Industry Payments in Cardiology: A Cross-sectional Analysis of Open Payments Data

Research output: Contribution to journalArticle

Abstract

Background: The goal of Open Payments and the Physician Payments Sunshine Act is to foster transparency and accountability to help stakeholders better understand financial ties between physicians and teaching hospitals and the pharmaceutical and medical device industries. Objective: To evaluate the nature of industry relationships among cardiologists using the Open Payments database. Methods: The authors used the Centers for Medicare & Medicaid Services Open Payments data for calendar year 2015 to evaluate the financial relationship between cardiologists and medical industries (manufacturers of medications, devices, biologics, and medical supplies). The database used in this specific investigation included general payments reported for 2015. Payments were broken down by totals, type, company, and range. Results: In the 2015 calendar year, 81,977 payments were made to 12,078 cardiologists, amounting to $13,906,167.43. The minimum payment made to a cardiologist was $1.16 and the maximum, $2,805,825. The most frequent category was $11 to $50, with 53,722 payments made (65.5%), followed by less than $10, with 12,307 payments made (15.0%). Conclusion: Payments to cardiologists were highly variable. Additional studies regarding the effects of these payments may be warranted.

Original languageEnglish
Pages (from-to)781-787
Number of pages7
JournalThe Journal of the American Osteopathic Association
Volume118
Issue number12
DOIs
StatePublished - 1 Dec 2018

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Cardiology
Industry
Cross-Sectional Studies
Databases
Physicians
Equipment and Supplies
Sunlight
Social Responsibility
Medicaid
Medicare
Biological Products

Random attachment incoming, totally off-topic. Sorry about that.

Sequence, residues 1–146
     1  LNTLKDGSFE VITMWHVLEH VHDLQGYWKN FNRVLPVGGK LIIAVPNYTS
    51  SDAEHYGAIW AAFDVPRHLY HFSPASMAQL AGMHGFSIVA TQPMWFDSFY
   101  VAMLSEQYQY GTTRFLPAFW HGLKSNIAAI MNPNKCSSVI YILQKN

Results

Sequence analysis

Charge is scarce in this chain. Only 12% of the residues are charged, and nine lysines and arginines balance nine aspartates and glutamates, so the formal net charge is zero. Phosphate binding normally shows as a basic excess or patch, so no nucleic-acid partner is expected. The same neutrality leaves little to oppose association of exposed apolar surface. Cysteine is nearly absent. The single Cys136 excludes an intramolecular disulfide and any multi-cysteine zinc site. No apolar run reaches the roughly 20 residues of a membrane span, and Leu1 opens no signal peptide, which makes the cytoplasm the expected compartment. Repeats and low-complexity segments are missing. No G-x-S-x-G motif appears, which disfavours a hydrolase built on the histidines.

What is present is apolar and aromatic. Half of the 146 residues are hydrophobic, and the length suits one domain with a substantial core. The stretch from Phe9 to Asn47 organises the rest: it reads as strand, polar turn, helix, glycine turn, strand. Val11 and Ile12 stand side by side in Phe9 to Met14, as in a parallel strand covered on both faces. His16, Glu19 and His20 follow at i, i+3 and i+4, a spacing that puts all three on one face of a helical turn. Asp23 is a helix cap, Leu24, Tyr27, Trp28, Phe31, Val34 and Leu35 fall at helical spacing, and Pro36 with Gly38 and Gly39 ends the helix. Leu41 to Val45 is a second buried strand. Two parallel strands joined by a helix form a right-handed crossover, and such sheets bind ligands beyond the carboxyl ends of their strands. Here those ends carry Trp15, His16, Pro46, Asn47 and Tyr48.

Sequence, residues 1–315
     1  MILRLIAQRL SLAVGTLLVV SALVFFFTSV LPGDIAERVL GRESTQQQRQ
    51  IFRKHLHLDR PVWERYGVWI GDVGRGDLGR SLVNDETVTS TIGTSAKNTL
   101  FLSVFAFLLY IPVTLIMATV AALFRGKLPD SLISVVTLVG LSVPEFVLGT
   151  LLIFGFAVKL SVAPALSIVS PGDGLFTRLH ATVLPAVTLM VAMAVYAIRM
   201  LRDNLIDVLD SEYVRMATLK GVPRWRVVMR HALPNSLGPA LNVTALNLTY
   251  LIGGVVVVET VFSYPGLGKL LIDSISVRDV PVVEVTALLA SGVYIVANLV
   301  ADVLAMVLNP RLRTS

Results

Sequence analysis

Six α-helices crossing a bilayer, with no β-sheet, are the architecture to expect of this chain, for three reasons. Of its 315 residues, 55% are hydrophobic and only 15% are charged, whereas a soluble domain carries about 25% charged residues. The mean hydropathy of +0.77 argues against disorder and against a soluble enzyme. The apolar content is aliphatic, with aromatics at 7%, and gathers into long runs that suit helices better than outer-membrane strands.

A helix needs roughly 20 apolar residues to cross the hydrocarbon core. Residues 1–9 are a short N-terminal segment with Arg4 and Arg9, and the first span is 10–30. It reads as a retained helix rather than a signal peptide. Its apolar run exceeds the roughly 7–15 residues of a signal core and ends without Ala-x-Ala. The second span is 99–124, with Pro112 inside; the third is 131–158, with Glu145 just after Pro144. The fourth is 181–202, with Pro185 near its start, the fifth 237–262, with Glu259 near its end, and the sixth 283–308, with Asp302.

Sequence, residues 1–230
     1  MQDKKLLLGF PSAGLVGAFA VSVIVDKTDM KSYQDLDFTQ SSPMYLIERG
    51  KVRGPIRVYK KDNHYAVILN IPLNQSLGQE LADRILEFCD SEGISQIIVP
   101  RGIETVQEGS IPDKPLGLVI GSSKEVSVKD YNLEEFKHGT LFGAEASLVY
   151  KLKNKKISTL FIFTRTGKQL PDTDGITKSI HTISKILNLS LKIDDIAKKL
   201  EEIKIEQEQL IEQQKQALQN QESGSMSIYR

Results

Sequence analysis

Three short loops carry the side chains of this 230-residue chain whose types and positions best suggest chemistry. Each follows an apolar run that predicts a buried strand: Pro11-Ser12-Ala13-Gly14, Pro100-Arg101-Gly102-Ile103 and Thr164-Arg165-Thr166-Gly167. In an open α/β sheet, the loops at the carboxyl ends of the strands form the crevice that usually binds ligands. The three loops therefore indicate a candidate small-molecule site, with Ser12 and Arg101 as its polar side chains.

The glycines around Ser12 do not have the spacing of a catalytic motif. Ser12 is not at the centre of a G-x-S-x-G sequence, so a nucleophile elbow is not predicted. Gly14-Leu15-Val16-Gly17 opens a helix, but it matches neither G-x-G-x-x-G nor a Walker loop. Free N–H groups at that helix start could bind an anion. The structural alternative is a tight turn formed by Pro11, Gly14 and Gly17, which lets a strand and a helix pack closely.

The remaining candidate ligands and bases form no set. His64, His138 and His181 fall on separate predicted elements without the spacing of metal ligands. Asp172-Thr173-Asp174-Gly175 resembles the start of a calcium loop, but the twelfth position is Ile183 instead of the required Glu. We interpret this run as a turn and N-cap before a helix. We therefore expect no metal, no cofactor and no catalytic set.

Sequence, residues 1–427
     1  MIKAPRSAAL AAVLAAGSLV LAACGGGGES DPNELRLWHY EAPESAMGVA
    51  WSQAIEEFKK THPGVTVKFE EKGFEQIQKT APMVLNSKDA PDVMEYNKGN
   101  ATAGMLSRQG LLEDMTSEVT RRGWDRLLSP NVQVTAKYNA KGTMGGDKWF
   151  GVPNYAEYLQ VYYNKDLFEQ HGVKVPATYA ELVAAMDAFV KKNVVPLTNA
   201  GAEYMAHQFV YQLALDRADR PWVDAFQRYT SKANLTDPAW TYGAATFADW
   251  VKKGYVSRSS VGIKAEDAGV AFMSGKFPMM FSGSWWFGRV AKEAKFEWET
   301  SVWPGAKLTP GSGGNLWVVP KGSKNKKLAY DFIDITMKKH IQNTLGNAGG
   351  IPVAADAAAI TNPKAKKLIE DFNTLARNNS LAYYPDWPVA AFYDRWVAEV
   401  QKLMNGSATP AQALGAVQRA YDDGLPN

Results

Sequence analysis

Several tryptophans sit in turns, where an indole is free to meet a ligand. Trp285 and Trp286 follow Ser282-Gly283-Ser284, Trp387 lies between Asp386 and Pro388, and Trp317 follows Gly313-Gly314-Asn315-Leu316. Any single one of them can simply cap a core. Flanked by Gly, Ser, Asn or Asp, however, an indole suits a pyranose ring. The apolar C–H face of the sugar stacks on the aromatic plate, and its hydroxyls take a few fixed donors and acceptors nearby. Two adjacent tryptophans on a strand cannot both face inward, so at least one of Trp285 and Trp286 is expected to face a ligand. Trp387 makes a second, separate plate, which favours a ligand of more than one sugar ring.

Teaching Hospitals
Cardiologists
Pharmaceutical Preparations

Cite this

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title = "Industry Payments in Cardiology: A Cross-sectional Analysis of Open Payments Data",
abstract = "Background: The goal of Open Payments and the Physician Payments Sunshine Act is to foster transparency and accountability to help stakeholders better understand financial ties between physicians and teaching hospitals and the pharmaceutical and medical device industries. Objective: To evaluate the nature of industry relationships among cardiologists using the Open Payments database. Methods: The authors used the Centers for Medicare & Medicaid Services Open Payments data for calendar year 2015 to evaluate the financial relationship between cardiologists and medical industries (manufacturers of medications, devices, biologics, and medical supplies). The database used in this specific investigation included general payments reported for 2015. Payments were broken down by totals, type, company, and range. Results: In the 2015 calendar year, 81,977 payments were made to 12,078 cardiologists, amounting to $13,906,167.43. The minimum payment made to a cardiologist was $1.16 and the maximum, $2,805,825. The most frequent category was $11 to $50, with 53,722 payments made (65.5{\%}), followed by less than $10, with 12,307 payments made (15.0{\%}). Conclusion: Payments to cardiologists were highly variable. Additional studies regarding the effects of these payments may be warranted.",
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Industry Payments in Cardiology : A Cross-sectional Analysis of Open Payments Data. / Jaiswal, Dev; Checketts, Jake X.; Vassar, Matt.

In: The Journal of the American Osteopathic Association, Vol. 118, No. 12, 01.12.2018, p. 781-787.

Research output: Contribution to journalArticle

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